Dr. Annerose Beck (SMWK), Prof. Mechthild Krause (DKTK), Prof. Martin Hrabě de Angelis (DZD) and Prof. Gerd Kempermann (DZNE). Source of both pictures: PLID
Diabetes, cancer, dementia: Every year, around 300,000 - 500,000 people in Germany receive one of these diagnoses. As different as these diseases may appear at first glance, there are often cross-links in their development that are relevant for the design of therapeutic approaches and research methods. Identifying such cross-cutting themes and creating a forum for overarching research strategies is the main goal of the joint Dresden DZG symposium. In addition to getting to know each other personally and exchanging scientific information about the research infrastructures available in Dresden, this year for the first time two small-scale, interdisciplinary DZG projects received financial support. All with the aim of better networking for larger joint research projects.
Following the opening of the symposium by Angela Rösen-Wolff, dean of research at the Faculty of Medicine Carl Gustav Carus of TU Dresden, and the speakers of the three Dresden DZGs Michele Solimena (DZD-PLID), Gerd Kempermann (DZNE) and Mechthild Krause (DKTK), Martin Hrabe de Angelis, board member of the DZD and former chairman of the national activities of the DZGs at the federal level, spoke about national efforts in the field of digital medicine.
DZG-spanning research projects
Subsequently, scientists from the various centers presented their research projects. Tiago Alves from the Institute for Clinical Chemistry and Laboratory Medicine started the session with an insight into the use of mass spectrometry methods for the quantitation of metabolic fluxes, and how these methods can contribute to a better understanding of cell function. He was followed by Miranka Wirth and Theresa Köbe (DZNE), who addressed in their lectures the impact of vascular risk factors on brain resilience and how these factors influence brain health. The session was rounded off by Malte von Bonin (DKTK), who spoke about the use of chimeric antigen receptor T cells. These cells solve a central problem in cancer therapy, namely the fight against tumors that are invisible to the immune system.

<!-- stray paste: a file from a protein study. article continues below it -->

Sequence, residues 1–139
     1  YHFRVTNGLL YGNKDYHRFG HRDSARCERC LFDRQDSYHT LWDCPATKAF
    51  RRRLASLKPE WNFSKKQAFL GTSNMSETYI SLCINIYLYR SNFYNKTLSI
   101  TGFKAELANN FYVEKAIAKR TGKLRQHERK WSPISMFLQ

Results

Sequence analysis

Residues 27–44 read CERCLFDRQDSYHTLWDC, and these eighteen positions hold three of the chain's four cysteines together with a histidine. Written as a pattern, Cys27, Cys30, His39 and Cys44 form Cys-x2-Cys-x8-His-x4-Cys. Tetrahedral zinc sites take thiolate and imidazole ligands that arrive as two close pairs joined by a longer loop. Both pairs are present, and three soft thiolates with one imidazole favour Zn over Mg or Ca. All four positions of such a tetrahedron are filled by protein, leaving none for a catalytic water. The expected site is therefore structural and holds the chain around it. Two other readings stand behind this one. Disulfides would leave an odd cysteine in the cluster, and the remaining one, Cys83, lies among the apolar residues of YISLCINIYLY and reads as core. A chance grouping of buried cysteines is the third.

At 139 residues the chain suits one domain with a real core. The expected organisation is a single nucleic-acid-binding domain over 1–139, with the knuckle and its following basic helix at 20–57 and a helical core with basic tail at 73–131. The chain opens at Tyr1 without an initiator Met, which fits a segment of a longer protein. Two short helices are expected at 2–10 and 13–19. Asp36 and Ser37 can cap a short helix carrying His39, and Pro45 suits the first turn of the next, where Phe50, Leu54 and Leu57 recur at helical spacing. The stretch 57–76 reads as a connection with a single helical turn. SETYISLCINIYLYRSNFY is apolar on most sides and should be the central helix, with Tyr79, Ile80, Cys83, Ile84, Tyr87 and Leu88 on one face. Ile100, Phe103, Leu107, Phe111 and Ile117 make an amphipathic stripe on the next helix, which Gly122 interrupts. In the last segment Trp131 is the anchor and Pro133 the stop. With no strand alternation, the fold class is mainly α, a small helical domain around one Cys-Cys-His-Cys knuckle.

Image processing in the age of artificial intelligence
The keynote lecture by Florian Jug, research group leader at the Max Planck Institute of Molecular Cell Biology and Genetics and the Center for Systems Biology Dresden, led to remarkable reactions and a noticeable lively discussion. His presentation on image processing in the age of artificial intelligence and machine learning generated visible interest and perceivable enthusiasm among the audience.
As the grand finale of this year's 2nd Joint Dresden DZG Symposium, the two overarching DZG project grants, which were made available for the first time by the Dresden centers in a jointly effort, were solemnly announced. The recipients of the 10,000 Euro grants were Theresa Suckert and Antje Dietrich from OncoRay Dresden together with Annette Rünker and Alexander Garthe from the DZNE Dresden. The four scientists received the funding for their project "Exploration of pathological mechanisms underlying neurodegeneration". In a second funded project entitled "Oxidative stress markers as non-invasive tool to predict therapy response", Nicole Bechmann (DZD), Claudia Peitzsch and Doreen William (DKTK) as well as Tiago Alves (PLID) will jointly work together in the coming months.